While it is true that any time is citation time in the Studio, you can also get some extra help with all of your citation needs during these sessions. Join us to learn some tips and tricks, or just drop in for one-on-one assistance. We can help you with APA, Chicago/Turabian, MLA, or any other citation style. Questions about this workshop? Contact us at

NOTE: This is a Past Event

UndocuStudents: Our Untold Stories

Posted on: February 20, 2018

Topic(s): Events

UndocuStudents: Our Untold Stories

Western Libraries will host a student panel discussion, “The Journeys and Untold Stories of Western Washington University's Undocumented Students," on Thursday, March 1 at 4 p.m. in the Library Presentation Room (Wilson Library Room 164F).  

Please join us for the chance to hear first-hand some of the untold stories from members of the Blue Group, Western's undocumented student club, and to learn about how we at Western can better support undocumented students.

“My  life isn’t a movie, it’s a reality.” Those words come directly from Maria Dimas’ narrative, "America Was Never White," one of the many stories shared in the book, UndocuStudents: Our Untold Stories, written by students at Western and published by Western CEDAR.  During this event, panelists will share some of their own experiences and talk about their inspiration for this book.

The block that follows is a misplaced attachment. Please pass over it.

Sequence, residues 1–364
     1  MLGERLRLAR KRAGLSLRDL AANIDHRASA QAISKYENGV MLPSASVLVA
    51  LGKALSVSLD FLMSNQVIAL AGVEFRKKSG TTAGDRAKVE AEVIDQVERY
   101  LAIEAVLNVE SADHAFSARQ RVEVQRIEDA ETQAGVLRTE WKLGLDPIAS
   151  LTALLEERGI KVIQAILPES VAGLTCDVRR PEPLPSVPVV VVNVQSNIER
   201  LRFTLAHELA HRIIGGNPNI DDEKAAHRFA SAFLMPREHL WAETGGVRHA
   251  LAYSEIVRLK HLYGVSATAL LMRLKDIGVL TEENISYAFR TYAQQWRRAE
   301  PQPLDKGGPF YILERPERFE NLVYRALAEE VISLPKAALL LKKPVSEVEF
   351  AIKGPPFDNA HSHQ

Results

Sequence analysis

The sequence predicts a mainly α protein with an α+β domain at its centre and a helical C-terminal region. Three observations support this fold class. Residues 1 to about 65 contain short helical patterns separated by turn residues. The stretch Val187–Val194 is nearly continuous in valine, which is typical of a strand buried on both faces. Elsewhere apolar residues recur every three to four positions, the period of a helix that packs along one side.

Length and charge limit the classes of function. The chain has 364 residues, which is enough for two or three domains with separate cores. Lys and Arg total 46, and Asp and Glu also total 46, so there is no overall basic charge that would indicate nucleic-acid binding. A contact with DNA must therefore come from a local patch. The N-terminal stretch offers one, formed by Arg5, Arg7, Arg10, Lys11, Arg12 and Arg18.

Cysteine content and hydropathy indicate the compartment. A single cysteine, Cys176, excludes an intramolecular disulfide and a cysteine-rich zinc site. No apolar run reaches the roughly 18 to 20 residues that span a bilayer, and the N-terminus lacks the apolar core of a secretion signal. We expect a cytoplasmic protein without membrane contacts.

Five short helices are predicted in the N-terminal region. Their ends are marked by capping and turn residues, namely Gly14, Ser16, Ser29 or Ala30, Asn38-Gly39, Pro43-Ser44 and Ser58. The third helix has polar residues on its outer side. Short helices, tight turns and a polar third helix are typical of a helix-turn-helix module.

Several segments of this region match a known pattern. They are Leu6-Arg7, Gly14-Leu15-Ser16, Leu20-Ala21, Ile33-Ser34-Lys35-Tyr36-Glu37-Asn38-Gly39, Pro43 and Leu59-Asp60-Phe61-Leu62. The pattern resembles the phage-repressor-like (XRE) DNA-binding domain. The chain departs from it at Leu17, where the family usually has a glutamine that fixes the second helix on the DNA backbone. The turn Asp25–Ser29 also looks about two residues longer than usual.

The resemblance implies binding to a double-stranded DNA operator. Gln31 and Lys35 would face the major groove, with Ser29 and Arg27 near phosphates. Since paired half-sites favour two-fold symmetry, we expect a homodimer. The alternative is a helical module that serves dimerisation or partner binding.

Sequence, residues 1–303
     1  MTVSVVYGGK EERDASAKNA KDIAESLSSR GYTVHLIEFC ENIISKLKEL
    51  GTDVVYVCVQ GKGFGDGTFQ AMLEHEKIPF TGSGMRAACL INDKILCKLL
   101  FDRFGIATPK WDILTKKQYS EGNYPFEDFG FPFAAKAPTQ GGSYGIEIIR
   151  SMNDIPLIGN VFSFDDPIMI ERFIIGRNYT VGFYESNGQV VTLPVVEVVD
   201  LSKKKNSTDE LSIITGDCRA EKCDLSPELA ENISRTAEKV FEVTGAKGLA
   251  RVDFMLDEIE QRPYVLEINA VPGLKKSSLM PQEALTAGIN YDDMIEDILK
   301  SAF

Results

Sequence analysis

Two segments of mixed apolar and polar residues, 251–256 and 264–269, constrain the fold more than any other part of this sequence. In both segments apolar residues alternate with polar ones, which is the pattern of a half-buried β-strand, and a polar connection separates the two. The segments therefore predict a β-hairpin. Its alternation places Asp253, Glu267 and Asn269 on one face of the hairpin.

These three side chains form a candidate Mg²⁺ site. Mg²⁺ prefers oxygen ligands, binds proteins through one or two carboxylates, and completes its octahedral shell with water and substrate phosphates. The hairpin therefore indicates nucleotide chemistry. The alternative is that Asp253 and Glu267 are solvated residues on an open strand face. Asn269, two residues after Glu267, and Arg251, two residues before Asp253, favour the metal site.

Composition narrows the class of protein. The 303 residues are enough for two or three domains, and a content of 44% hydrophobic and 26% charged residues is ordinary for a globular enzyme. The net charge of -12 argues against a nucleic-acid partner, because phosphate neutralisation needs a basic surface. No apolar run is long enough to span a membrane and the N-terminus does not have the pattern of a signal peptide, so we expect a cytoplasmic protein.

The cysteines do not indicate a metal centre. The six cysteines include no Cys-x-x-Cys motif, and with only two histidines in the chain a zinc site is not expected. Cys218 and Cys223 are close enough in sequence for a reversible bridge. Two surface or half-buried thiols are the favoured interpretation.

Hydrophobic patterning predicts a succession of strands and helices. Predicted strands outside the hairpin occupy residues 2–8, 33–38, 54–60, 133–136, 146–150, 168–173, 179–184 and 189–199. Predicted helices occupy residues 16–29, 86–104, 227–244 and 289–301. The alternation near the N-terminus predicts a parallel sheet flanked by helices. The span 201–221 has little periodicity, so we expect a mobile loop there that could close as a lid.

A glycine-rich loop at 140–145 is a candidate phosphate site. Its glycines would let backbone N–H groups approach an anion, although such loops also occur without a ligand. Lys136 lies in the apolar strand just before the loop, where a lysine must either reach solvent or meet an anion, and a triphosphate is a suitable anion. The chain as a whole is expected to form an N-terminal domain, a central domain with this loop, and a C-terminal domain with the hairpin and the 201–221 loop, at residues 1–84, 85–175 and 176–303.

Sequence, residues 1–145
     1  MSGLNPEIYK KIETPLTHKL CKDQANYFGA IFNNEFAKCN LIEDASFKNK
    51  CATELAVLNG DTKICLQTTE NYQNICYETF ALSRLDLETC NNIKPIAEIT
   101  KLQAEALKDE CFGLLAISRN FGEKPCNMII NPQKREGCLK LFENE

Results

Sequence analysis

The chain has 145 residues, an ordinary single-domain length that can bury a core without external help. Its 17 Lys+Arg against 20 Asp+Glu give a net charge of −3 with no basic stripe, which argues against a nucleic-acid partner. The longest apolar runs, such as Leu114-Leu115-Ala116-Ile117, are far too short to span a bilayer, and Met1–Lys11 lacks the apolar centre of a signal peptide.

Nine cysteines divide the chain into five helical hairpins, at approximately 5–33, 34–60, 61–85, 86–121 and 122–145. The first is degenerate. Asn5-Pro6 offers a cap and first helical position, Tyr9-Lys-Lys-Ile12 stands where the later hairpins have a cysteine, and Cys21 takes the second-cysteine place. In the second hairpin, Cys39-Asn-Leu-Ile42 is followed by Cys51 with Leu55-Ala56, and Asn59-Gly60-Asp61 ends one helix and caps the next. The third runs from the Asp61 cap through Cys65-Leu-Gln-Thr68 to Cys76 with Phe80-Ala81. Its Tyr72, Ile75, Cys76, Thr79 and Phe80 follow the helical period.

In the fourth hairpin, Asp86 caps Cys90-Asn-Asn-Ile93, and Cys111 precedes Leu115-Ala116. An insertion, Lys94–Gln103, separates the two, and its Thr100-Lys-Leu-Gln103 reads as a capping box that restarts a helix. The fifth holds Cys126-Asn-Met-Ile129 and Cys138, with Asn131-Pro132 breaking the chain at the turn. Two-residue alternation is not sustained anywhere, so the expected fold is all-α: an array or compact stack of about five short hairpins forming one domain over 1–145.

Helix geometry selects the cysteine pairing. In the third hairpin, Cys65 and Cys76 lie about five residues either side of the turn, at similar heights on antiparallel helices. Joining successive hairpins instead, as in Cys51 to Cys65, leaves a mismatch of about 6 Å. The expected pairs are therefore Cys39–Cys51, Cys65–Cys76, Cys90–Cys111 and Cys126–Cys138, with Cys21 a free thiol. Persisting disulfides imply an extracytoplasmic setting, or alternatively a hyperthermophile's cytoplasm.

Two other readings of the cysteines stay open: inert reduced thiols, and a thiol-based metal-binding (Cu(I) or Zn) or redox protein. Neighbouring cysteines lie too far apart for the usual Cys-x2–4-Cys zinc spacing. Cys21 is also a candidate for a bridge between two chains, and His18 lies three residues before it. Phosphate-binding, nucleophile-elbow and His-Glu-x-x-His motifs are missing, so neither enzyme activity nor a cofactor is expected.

Undocumented students face a number of pressures and stresses that are unique to their student experience because of their status. UndocuStudents: Our Untold Stories, is a collection of essays, poetry, photographs, and artwork created by members of the Blue Group.  

As the Blue Group has grown from just a few students meeting informally into an official Western Washington University Associated Students club, into an organization that is now widely recognized in their local community, members of the Blue Group increasingly receive requests to give presentations to help people understand their experiences as undocumented immigrants and students. Their book is one way these remarkable students are sharing their perspectives and insights with their community.

As stated in the introduction to the book: